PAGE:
Mental event

From Wikipedia, the free encyclopedia
  (Redirected from Mental events)
Jump to: navigation, search
For the use of this term in Buddhism, see Mental factors (Buddhism).

A mental event is a particular occurrence of something going on in the mind or mind substitute that make up the conscious mind of an individual. It can be a thought, a dream, a feeling, a realization, or any other mental activity. Some believe that mental events are not limited to human thought but can be associated with animal and artificial intelligence as well. The issue of whether mental events are identical with complex physical events, or whether such an identity even makes sense, is central to the mind-body problem.

Mental events often occur because of physical events, however, physical events do not always occur because of mental events.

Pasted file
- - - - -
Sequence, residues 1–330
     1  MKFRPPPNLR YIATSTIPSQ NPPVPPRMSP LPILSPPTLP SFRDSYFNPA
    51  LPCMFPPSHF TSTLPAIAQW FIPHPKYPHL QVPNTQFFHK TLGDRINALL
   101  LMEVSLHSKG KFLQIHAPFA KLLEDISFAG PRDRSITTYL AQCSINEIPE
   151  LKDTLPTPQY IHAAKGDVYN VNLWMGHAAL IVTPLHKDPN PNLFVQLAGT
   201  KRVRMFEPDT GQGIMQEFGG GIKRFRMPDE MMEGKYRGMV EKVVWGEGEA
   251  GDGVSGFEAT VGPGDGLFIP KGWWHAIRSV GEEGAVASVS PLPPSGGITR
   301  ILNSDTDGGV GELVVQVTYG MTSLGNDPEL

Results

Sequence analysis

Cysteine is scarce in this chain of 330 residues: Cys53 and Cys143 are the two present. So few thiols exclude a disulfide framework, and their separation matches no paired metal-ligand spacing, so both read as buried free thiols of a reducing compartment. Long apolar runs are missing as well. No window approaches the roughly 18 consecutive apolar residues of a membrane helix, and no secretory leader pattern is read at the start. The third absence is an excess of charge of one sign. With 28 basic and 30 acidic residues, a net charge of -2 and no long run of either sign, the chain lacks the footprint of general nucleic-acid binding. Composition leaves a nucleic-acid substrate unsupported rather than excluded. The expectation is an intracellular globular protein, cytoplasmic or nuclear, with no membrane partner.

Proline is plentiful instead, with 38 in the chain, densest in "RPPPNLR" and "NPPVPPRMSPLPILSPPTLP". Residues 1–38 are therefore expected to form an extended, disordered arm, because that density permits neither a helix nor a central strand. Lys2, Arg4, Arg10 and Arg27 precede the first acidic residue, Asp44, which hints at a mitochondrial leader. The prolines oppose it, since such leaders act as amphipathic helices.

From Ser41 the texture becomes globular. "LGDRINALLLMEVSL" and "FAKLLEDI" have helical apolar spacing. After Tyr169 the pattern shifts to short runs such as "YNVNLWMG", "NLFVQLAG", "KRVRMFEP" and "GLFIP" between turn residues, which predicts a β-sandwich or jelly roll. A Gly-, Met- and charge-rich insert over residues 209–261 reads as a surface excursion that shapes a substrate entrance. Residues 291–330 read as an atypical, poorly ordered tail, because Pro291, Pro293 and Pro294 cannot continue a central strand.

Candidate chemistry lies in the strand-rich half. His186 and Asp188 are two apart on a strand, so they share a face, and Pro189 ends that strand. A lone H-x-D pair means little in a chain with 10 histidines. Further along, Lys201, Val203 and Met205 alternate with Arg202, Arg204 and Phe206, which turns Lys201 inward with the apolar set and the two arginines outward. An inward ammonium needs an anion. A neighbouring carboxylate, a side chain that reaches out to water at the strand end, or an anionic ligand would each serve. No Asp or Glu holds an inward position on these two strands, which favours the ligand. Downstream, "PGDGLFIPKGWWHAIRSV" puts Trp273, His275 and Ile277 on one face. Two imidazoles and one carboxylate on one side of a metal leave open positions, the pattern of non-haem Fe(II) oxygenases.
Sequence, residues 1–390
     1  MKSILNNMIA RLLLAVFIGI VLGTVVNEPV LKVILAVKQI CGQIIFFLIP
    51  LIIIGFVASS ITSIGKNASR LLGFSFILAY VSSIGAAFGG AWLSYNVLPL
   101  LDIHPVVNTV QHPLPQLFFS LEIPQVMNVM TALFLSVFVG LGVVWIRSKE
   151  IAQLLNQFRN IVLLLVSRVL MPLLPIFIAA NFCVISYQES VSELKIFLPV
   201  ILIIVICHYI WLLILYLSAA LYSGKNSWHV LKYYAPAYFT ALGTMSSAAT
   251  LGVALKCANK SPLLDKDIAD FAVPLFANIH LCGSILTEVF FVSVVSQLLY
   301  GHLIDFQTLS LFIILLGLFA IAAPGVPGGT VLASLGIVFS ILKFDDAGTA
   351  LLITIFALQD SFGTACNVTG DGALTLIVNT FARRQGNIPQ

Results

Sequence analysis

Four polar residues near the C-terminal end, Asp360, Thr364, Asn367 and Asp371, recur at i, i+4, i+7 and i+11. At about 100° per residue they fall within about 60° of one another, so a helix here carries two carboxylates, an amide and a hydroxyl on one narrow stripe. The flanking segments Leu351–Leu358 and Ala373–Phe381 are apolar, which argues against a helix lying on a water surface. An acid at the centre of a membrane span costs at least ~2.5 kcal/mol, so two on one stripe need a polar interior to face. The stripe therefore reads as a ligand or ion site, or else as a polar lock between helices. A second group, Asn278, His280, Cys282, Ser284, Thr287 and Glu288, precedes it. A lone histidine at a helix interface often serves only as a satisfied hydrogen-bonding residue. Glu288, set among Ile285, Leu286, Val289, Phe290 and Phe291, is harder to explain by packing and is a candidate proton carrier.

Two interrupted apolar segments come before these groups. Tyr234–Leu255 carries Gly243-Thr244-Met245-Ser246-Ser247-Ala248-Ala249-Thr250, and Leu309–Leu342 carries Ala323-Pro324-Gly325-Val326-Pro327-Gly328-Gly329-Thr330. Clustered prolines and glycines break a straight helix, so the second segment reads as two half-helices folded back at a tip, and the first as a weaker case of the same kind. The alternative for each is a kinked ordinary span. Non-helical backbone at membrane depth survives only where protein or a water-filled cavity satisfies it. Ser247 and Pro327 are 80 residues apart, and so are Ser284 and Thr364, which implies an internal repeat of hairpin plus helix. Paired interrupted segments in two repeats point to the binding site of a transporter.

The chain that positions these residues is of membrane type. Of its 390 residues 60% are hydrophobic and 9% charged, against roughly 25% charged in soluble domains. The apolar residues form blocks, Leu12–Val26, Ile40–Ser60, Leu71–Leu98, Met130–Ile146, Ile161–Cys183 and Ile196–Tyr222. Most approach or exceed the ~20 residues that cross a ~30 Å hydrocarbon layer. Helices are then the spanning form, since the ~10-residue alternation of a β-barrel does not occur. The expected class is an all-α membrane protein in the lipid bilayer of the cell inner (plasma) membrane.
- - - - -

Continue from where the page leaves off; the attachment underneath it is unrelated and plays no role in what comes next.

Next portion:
However, some see such a distinction as erroneous, and state that the mental and the physical are the very same property which cause any event(s).

Examples[edit]

  • Mary is walking through a park and she sees and recognizes City Hall. This instance of seeing and recognizing City Hall is an instance of perception—something that is supposed to be going on in Mary's mind. That instance of perception is a mental event. It is an event because it is something that happens, and it is mental because it happens in Mary's mind.
  • Mary feels happy after doing well on an exam and she smiles. This thought is a mental event. The smile is a physical event.
  • A killer whale recognized a feeling of hunger. It eats a fish. The recognition of the feeling of hunger is a mental event. Eating the fish is the physical event.

See also[edit]

Further reading[edit]